Extraordinary graffiti is sanitising air with smog-cleaning pigments

The future is officially here. And we’re not talking about the latest iPhone model.

Smart art has arrived in the guise of murals that are sanitising the air with special sun-activated and smog-cleaning pigments.

The project – which kickstarted in Bangkok, Thailand and is spreading globally – is set to make such an impact on the environment it will be equal to planting 3,000 trees.

[Credit: Good Looking Studio]

Thanks to the handiwork of local artists teaming up with Converse as part of their City-Forests campaign, each mural purifies the surrounding air equivalent to 720 trees.

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By using photocatalytic paint with titanium dioxide, it attracts airborne pollutants before converting them into harmless nitrates through a chemical process involving sunlight.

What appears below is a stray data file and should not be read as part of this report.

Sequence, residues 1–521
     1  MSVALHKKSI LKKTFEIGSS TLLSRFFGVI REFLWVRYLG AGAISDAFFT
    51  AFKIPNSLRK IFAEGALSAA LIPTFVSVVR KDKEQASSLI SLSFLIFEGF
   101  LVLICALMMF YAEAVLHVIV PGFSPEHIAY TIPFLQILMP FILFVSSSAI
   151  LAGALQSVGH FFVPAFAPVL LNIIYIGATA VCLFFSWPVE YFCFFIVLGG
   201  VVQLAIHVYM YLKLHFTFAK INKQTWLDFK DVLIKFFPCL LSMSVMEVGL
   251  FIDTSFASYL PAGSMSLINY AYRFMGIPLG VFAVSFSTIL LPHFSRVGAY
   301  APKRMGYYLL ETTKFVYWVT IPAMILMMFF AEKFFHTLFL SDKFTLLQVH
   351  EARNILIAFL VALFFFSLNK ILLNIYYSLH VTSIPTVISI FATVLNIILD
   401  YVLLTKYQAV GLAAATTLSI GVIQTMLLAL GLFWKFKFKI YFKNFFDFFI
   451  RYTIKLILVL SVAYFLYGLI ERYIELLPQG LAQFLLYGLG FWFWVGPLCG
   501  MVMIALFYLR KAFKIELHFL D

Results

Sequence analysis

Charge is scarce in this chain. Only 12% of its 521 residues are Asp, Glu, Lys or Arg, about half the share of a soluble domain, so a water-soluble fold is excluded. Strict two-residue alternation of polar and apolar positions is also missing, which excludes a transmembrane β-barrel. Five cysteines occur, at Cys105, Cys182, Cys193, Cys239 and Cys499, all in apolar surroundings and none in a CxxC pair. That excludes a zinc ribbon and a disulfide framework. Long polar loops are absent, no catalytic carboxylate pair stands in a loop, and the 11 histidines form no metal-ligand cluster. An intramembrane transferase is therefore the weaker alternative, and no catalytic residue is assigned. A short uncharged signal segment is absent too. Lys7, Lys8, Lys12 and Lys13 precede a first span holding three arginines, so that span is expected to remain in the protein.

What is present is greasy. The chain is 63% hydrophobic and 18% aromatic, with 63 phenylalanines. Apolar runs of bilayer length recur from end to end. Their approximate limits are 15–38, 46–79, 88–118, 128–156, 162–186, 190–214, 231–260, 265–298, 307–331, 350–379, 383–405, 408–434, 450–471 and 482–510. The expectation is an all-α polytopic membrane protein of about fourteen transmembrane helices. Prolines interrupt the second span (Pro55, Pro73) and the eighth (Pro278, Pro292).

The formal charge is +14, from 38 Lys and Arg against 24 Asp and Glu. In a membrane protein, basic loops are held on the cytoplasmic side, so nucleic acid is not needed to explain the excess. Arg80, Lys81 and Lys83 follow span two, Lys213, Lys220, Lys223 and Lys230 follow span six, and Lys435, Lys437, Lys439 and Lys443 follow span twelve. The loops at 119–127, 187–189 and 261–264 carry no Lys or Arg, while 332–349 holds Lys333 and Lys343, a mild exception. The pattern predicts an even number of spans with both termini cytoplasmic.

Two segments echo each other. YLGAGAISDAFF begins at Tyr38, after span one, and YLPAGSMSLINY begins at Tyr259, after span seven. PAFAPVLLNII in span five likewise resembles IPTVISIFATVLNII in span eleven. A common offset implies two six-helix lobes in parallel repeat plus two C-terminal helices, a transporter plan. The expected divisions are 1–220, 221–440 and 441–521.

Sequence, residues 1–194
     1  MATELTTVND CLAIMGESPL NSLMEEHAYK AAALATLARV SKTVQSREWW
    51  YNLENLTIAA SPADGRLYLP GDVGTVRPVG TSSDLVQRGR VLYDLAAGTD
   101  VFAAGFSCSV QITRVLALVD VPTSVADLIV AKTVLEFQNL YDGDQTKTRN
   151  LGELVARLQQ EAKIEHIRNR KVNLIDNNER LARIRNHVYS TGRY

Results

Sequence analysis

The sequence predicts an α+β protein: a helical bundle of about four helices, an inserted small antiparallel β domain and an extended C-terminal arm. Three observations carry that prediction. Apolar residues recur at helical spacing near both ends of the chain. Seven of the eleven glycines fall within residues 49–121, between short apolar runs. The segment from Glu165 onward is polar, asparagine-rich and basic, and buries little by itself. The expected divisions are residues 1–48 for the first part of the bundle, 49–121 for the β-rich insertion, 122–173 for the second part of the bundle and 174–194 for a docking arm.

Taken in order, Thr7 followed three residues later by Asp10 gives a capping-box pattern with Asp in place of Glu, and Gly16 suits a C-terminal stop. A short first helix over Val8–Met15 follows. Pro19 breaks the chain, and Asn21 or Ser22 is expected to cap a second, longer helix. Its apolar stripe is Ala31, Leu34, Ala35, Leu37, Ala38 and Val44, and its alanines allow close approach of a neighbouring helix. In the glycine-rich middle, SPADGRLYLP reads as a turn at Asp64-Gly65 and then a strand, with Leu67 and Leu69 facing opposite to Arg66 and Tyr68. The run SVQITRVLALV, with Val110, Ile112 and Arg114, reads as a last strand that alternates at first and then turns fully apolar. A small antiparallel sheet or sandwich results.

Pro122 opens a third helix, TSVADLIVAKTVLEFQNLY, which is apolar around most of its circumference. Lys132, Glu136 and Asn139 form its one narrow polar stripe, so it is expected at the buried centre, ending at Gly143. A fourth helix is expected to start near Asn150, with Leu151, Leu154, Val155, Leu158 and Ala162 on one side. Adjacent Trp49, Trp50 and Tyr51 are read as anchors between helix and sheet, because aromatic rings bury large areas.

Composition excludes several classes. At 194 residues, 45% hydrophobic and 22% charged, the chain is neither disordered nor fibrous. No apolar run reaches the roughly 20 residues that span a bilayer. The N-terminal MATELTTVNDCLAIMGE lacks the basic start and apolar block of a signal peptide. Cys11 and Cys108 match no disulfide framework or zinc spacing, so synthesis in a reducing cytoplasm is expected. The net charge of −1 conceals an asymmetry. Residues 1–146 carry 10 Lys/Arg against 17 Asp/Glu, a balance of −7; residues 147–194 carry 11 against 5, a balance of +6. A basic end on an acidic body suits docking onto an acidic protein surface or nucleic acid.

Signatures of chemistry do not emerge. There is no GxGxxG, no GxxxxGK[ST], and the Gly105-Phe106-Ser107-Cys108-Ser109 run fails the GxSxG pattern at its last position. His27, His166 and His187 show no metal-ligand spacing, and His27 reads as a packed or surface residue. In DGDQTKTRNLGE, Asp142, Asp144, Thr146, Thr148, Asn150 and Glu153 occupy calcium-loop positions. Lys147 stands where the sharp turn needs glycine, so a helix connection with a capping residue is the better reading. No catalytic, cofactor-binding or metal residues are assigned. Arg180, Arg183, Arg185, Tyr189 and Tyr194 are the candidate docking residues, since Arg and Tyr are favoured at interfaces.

Prior to the City-Forests campaign, Dutch designer Studio Roosegaarde experimented with the same photocatalytic paint for a series of billboards in Monterrey, Mexico whereby each billboard generates the same clean air as 30 trees every six hours.

Following Bangkok’s footsteps, Polish artists Maciek Polak and Dawid Ryski designed a creation for their streets in Warsaw which features a family of smiling daisies rising amongst skyscraper buildings alongside the quote, ‘create together for tomorrow’.

Speaking about the artwork, a project spokesperson said: “For the time being [with coronavirus], everything has slowed down.

“At Converse, we saw this as an opportunity to speak up and help produce fresh air through painting murals.”

In what is almost the reverse of this project, fellow environmentally-friendly organisation AIR-INK collect air pollution and transform it into ink.

Their process involves using carbon soot from a car’s exhaust, before processing it into a high-quality black ink.

Other places to take part in the City-Forests initiative include Belgrade, Lima, Sydney, Jakarta, Manila, Sao Paulo, Santiago, Johannesburg, Melbourne, and Panama City.

We hope they come to the UK soon!